By Jena Ardell
By Jon Campbell
By Alan Scherstuhl
By Tessa Stuart
By Roy Edroso
By Jon Campbell
By Albert Samaha
By Zachary D. Roberts
Finally, the tabloid trumpeteers of this hoax hero never write about his most trusted adviser, Anthony Abbate. The morning after the assault on Louima, Schwarz returned to the precinct for his meal break around 4 a.m., just as Internal Affairs was beginning its investigation. He and Wiese headed immediately to a pay phone in a deserted area near Brooklyn College, calling Volpe and Bruder. Then, at 6 a.m., Schwarz had a 38-minute conversation with Abbate, a former PBA official thrown off the police force after a series of disciplinary violations, including lying in two departmental investigations.
On the day after Schwarz's arrest, he, Wiese, and Abbate had 11 more conversations, immediately followed by Wiese's decision to go back to investigators and claim that it was he, not Schwarz, who took Louima to the bathroom. With Schwarz already charged and Wiese claiming he stayed outside the bathroom petting the dog, the new version was a ticket to ride for everyone but Volpe.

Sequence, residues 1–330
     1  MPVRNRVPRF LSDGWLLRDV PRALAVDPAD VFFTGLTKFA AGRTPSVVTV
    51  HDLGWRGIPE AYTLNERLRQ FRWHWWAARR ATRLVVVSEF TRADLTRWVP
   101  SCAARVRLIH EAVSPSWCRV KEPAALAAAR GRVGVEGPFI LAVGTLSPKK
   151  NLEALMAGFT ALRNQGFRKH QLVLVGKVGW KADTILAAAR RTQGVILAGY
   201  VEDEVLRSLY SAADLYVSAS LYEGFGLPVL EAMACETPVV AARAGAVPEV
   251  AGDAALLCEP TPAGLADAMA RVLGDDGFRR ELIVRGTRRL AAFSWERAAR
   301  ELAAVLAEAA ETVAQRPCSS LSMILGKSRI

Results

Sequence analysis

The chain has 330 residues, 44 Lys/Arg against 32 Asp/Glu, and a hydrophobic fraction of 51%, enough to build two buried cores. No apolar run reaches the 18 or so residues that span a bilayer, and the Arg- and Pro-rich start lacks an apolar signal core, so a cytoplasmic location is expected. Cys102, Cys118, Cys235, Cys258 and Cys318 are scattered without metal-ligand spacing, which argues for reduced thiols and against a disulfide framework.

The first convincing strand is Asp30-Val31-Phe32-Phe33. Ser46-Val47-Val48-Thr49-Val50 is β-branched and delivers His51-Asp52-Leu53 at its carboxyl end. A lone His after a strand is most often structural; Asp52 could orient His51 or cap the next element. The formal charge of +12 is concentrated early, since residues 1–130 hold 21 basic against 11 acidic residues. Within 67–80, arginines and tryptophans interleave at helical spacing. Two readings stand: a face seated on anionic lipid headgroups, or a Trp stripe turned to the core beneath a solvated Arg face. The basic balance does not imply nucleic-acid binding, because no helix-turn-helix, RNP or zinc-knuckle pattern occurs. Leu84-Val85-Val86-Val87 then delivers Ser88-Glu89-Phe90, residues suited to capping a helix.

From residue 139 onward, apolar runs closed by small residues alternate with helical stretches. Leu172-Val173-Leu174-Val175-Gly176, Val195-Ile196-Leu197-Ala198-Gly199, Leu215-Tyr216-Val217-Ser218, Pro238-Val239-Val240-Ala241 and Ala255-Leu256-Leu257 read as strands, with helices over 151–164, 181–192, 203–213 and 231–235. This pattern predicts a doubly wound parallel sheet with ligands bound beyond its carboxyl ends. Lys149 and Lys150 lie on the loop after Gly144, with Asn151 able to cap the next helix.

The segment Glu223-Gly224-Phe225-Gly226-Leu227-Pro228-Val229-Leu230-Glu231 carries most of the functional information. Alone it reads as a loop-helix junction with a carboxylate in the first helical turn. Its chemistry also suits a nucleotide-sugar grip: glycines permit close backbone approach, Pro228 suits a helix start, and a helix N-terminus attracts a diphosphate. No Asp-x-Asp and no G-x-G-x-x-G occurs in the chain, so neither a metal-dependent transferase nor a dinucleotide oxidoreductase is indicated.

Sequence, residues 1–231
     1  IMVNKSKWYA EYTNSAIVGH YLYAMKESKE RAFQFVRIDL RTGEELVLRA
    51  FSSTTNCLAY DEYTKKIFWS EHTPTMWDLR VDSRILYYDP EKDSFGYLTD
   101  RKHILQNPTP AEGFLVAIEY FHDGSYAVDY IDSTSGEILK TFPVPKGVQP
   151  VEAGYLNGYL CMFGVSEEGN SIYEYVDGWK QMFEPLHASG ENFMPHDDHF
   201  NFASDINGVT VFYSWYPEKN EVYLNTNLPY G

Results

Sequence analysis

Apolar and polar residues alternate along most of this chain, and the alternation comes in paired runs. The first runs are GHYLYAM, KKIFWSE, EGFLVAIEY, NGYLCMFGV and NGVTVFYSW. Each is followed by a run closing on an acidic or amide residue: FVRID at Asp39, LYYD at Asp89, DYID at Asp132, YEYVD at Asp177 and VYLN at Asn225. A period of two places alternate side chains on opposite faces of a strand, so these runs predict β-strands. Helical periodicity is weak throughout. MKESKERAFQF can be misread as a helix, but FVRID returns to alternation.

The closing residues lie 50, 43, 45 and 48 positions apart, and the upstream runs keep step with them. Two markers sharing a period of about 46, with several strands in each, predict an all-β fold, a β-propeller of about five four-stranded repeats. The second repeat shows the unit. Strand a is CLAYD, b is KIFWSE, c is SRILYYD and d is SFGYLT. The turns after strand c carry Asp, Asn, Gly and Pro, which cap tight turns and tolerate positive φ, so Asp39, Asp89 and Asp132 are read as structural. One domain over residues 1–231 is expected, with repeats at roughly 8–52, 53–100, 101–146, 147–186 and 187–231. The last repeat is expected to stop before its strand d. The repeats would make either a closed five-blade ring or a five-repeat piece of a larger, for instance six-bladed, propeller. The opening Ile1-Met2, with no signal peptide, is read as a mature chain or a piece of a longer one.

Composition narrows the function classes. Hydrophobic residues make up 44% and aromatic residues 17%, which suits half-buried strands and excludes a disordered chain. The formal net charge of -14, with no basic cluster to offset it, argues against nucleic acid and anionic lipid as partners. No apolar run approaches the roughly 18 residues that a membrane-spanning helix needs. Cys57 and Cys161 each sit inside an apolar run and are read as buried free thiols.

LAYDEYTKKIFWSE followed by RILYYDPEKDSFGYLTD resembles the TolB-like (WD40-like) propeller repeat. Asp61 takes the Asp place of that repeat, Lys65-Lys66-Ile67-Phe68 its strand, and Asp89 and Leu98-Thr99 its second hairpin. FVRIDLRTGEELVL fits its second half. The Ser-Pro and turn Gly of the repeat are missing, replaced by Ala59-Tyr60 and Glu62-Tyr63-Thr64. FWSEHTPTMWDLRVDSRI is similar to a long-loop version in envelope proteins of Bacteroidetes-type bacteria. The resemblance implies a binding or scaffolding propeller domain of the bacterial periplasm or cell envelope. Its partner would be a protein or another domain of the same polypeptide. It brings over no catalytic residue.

Abbate had already been convicted of egregiously betraying a fellow officer when he answered a radio call saying he was on his way to assist another cop while he never left his perch in a bagel shop. The subject of more than 30 civilian complaints, Abbate was also found guilty of berating a black cop, telling him to "go drive Miss Daisy," and a Latina cop, whom he called a "fucking mouse." Schwarz turned to him in his hour of need because he and Abbate had already committed perjury together, just a few months before the Louima assault. When Abbate was on departmental trial in October 1996 for lying about his abusive deriding of officer Carmen Rodriguezusing "fuck" 30 times at a domestic violence training session in the precinctSchwarz testified that though he was right there, he never heard Abbate use profanity. When another female officer testified that she had, Schwarz glared at her in what she later swore was "an intimidating manner." After she confronted him about an anonymous letter she got calling her a rat, Schwarz "chuckled" at her and walked away.
It's not a story sweet Andra Schwarz has been repeating too often in her heart-tugging sessions with columnists, but Anthony Abbate may have had as much to do with conceiving the strategy that eventually sprung her husband from prison as she had to do with executing it.